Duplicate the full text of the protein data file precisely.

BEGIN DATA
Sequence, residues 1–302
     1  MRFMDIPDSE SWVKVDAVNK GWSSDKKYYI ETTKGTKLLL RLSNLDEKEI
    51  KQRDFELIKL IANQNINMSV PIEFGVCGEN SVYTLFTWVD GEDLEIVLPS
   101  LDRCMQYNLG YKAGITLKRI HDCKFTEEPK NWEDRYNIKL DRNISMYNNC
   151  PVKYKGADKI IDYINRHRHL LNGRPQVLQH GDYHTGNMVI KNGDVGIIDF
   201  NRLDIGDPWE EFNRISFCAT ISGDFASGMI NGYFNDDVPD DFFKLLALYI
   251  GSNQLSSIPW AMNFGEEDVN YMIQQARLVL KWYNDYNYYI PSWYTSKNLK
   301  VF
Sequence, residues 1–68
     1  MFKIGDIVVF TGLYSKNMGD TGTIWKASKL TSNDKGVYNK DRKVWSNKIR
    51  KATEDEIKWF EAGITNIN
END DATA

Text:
Sequence, residues 1–302
     1  MRFMDIPDSE SWVKVDAVNK GWSSDKKYYI ETTKGTKLLL RLSNLDEKEI
    51  KQRDFELIKL IANQNINMSV PIEFGVCGEN SVYTLFTWVD GEDLEIVLPS
   101  LDRCMQYNLG YKAGITLKRI HDCKFTEEPK NWEDRYNIKL DRNISMYNNC
   151  PVKYKGADKI IDYINRHRHL LNGRPQVLQH GDYHTGNMVI KNGDVGIIDF
   201  NRLDIGDPWE EFNRISFCAT ISGDFASGMI NGYFNDDVPD DFFKLLALYI
   251  GSNQLSSIPW AMNFGEEDVN YMIQQARLVL KWYNDYNYYI PSWYTSKNLK
   301  VF
Sequence, residues 1–68
     1  MFKIGDIVVF TGLYSKNMGD TGTIWKASKL TSNDKGVYNK DRKVWSNKIR
    51  KATEDEIKWF EAGITNIN